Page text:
Bottom-bed fluid dynamics - Influence on solids entrainment
Paper in proceedings, 2017

In CFB boilers, the solids concentration along the riser and the external solids circulation are important design parameters, mainly in terms of the heat balance but also influencing the risk of wear on heat transfer surfaces. This work investigates experimentally how the amount of solids entrained from the bottom region of a CFB riser is influenced by the fluidization conditions, including the presence or absence of a dense bottom bed. The paper presents first measurements in a new cold lab-scale unit (3 m tall, 0.45 m2in cross section), which is a scale model of a large utility boiler. The solids inventory consists of glass spheres with a mean size of 112 ┬Ám. The operational range covers fluidization velocities between 0.1 and 1.4 m/s and riser pressure drops between 0.2 and 1.5 kPa. The vertical distribution of solids concentration is determined through pressure drop measurements between densely spaced pressure taps (15 in total) along the riser height. The external solids circulation is measured with an automatic valve system in the return leg. The results show that the presence or absence of a dense bed govern how operational parameters influence the characteristics of the solids entrainment from the bottom region. The vertical extension of the splash zone above the dense bed depends strongly on the dense bed height. In the absence of a dense bed, a bottom region with strong solids back-mixing is established which has similarities with the splash region.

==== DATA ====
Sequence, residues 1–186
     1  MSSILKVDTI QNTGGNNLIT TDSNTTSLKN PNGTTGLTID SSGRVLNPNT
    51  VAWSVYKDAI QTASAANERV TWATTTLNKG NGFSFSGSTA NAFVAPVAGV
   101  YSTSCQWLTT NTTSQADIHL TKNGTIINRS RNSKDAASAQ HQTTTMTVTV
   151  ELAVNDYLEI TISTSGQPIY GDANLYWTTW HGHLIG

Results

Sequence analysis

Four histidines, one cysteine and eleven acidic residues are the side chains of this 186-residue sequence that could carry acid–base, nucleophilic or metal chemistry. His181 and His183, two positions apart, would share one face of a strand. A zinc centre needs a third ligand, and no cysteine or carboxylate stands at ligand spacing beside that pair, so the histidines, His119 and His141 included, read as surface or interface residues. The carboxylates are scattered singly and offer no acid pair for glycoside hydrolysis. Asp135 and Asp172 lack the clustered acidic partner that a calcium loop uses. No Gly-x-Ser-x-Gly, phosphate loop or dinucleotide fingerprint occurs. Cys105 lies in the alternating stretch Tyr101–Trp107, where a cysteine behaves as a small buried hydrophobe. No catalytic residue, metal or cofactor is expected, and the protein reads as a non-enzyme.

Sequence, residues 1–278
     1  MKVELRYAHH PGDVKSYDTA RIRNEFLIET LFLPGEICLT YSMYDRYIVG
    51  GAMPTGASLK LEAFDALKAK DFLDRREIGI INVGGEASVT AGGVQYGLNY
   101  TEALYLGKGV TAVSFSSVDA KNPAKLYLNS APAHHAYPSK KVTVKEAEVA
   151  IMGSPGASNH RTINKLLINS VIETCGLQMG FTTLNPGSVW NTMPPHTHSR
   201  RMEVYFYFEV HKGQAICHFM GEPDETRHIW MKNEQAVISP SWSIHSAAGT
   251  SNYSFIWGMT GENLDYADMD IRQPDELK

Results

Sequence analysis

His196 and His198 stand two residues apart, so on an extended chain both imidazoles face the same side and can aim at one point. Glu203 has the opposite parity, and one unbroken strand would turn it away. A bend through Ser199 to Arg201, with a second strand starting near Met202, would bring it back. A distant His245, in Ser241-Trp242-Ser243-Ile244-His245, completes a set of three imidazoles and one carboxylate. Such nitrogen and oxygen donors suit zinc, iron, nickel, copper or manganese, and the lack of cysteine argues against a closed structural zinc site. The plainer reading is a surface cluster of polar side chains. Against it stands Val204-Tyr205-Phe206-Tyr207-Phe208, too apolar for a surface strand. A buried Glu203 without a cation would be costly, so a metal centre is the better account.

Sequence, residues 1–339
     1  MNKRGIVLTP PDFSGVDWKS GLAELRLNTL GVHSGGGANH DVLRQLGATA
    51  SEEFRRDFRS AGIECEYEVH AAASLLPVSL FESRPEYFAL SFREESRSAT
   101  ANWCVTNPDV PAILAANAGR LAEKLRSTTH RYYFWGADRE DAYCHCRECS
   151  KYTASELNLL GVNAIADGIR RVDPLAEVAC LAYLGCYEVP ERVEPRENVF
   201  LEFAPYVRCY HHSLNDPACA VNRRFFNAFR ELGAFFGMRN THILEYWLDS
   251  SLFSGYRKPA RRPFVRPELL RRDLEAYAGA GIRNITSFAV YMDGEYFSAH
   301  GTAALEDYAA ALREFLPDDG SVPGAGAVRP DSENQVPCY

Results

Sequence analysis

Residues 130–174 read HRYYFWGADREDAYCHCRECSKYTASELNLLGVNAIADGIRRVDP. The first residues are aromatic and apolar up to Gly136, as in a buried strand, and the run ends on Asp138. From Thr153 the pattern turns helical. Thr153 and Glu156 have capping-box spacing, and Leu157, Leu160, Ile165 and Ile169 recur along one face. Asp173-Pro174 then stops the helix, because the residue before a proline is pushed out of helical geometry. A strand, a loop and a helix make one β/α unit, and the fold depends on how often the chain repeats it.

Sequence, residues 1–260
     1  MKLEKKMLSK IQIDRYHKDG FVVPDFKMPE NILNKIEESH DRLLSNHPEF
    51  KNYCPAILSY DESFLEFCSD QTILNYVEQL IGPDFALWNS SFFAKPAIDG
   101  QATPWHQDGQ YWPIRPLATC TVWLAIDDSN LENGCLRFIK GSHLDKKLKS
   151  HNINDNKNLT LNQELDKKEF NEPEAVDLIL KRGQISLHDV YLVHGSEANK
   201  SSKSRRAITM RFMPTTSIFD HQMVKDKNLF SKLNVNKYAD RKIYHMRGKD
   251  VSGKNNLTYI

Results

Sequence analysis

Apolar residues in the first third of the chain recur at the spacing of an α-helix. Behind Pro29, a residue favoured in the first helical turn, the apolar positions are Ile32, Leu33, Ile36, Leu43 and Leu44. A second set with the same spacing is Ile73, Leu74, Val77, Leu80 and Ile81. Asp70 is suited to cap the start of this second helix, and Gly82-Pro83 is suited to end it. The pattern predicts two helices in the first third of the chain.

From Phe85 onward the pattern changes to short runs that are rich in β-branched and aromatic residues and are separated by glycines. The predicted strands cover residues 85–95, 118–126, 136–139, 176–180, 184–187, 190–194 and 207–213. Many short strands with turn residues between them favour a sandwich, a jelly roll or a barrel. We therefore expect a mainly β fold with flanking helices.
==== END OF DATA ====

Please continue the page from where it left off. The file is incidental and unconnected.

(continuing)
Author

Tove Djerf

Chalmers, Energy and Environment, Energy Technology

David Pallarès

Energy Technology 2

Filip Johnsson

Chalmers, Energy and Environment, Energy Technology

12th International Conference on Fluidized Bed Technology, CFB 2017

Vol. 2017 183-190

12th International Conference on Fluidized Bed Technology, CFB 2017
Krakow, Poland,

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Swedish Energy Agency, 2014-01-01 -- 2016-06-30.

Valmet , 2013-12-01 -- 2015-12-31.

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Energy Engineering

Meteorology and Atmospheric Sciences

Ocean and River Engineering

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12/2/2019